Hi-soft vs other cutting boards?

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10160

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So im looking at this hi-soft cutting board from Tenryo, but I have heard some differing opinions on peoples favorites. I know there are hasegawas, asahi, and some others... thoughts on this board, or hi soft in general?
 
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There is no perfect cutting board material, you just have to figure out which compromises you can live with.
I own and regularly use a Hi-Soft. It is quite soft, some users complain of the blade edge catching or dragging. I don't particularly find this to be true but much depends on how you use your knives (I'm primarily a push or draw cutter). Sharp knives can cut it and serrated knives or bone chopper cleavers would very quickly chew it up. It shows stains but doesn't seem to retain odors. Occasional use of a dilute bleach solution will remove most stains. You can refresh the surface by sanding it. The surface is not slippery, food doesn't tend to slide. It is not dishwasher safe. I have heard reports of some larger Hi-Softs warping but mine has not. IME Hi-Soft seems quite gentle on edges.

I also own and use plastic boards, end grain cherry, and Hasegawa FSB (brown) cutting boards. I have also previously owned or used edge and end grain maple boards, Hinoki, and Epicurean boards. At some point I'll probably buy a Hasegawa FSR board, maybe when the next MTC Kitchen sale occurs. If you don't mind the height, weight, and cost of end grain cherry that would be my first choice but because of the height and weight mine doesn't see that much use.
 

chefwp

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I use a few hi soft boards sold by Korin, I'm very happy with them. They are perfectly flat (no accordion cuts!) And gentle on my knives. Prior to these, I had and still have a beautiful end grain board, but it is such a heavy and huge beast I don't favor it, it is unwieldy to clean and doesn't fit in the dish rack. I use old edge grain boards to slice bread. Good luck.
 

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Hi-soft cutting boards is good for Very thin BTE knives for example my Konosuke YS(Yoshikane), I haven’t detected any microchipping issues on the edge at work while cutting different kinds of ingredients until I brought home one day and cutting it on a wooden cutting board(just one potato test cutting), it microchips on few spots.
 

sansho

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i like my hi-soft boards, but don't let anyone use serrated knives on them. ever. it will immediately leave marks. lol
if you're not the only user of your kitchen, throw your serrated knives away!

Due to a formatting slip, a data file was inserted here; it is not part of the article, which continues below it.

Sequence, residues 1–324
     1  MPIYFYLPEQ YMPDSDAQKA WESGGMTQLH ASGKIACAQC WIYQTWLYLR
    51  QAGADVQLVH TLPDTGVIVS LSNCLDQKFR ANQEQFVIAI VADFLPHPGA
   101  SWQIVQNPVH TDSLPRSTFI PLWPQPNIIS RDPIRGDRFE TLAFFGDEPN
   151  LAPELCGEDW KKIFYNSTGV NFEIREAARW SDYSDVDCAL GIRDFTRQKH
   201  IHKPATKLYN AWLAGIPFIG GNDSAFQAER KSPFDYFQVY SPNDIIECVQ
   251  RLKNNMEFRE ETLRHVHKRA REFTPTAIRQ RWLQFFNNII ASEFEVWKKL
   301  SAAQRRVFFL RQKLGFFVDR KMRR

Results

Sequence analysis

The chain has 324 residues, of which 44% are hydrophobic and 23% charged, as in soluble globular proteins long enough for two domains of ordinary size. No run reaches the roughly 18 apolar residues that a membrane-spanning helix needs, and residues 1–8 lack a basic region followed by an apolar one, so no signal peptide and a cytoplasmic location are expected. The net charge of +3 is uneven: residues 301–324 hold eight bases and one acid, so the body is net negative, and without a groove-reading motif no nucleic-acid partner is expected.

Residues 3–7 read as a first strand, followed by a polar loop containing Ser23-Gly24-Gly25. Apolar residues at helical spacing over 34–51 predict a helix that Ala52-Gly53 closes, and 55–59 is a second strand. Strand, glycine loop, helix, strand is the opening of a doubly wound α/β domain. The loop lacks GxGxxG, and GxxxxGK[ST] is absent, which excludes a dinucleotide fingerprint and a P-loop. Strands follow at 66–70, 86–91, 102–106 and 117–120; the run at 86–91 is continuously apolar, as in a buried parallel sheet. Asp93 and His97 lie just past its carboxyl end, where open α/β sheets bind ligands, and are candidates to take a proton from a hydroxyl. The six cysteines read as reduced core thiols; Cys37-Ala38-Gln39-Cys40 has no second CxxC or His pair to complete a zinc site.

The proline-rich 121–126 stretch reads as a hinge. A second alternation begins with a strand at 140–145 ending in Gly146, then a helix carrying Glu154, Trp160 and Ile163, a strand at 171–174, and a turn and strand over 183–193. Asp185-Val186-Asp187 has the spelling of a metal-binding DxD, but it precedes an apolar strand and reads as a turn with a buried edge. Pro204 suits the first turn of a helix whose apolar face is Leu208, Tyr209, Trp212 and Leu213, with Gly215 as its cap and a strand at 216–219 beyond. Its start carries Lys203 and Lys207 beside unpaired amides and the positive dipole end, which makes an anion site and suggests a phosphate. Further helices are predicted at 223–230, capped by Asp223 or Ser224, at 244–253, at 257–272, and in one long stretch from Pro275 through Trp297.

It is not dishwasher safe.

they are dishwasher safe ime, but this depends on your dishwasher cycle temp.
korin states they're safe to 158°F (but does not claim they're dishwasher safe).
i use a 150°F cycle (includes a drying cycle the end). hundreds of cycles without warping.
 
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Chang

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Hasegawa brown has been my daily, go-to board for the last 6 months! Hard enough so that fresh edges don't dig in, but still soft enough to not damage fresh edges.
 

ian

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i like my hi-soft boards, but don't let anyone use serrated knives on them. ever. it will immediately leave marks. lol
if you're not the only user of your kitchen, throw your serrated knives away!



they are dishwasher safe ime, but this depends on your dishwasher cycle temp.
korin states they're safe to 158°F (but does not claim they're dishwasher safe).
i use a 150°F cycle (includes a drying cycle the end). hundreds of cycles without warping.

My wife put mine in the dishwasher recently. Probably on a hot cycle. :(

Warped, with indentations from the grates.
 

ian

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Hasegawa brown has been my daily, go-to board for the last 6 months! Hard enough so that fresh edges don't dig in, but still soft enough to not damage fresh edges.

I had one for a week, but sold it because it felt too hard and made me think it was going to be bad for my edges…. Ah well.
 

sansho

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My wife put mine in the dishwasher recently. Probably on a hot cycle. :(

Warped, with indentations from the grates.

bummer. :(

not sure if it's worth the effort, but maybe you could un-warp it in the oven? resting in a pan so you don't get more grate marks? slowly work your way up in temp maybe starting around 150°F? guessing actual softening happens closer to 170°F.
for the indentations already there, maybe you could try hand-planing the board?

another thought... maybe since it's warped already, you could use it for experiments in case anyone in your house is tempted to put more hi-softs in there in the future. google for your dishwasher manual and read about the cycles. maybe you have access to suitable lower-temperature cycle. then you could test your already-warped board to see if it warps more.
 
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